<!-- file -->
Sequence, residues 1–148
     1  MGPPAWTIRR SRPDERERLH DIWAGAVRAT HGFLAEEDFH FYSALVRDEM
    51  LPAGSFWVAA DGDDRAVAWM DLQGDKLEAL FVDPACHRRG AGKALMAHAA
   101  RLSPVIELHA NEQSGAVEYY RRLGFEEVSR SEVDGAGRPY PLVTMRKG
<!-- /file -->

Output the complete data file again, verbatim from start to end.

Sequence, residues 1–148
     1  MGPPAWTIRR SRPDERERLH DIWAGAVRAT HGFLAEEDFH FYSALVRDEM
    51  LPAGSFWVAA DGDDRAVAWM DLQGDKLEAL FVDPACHRRG AGKALMAHAA
   101  RLSPVIELHA NEQSGAVEYY RRLGFEEVSR SEVDGAGRPY PLVTMRKG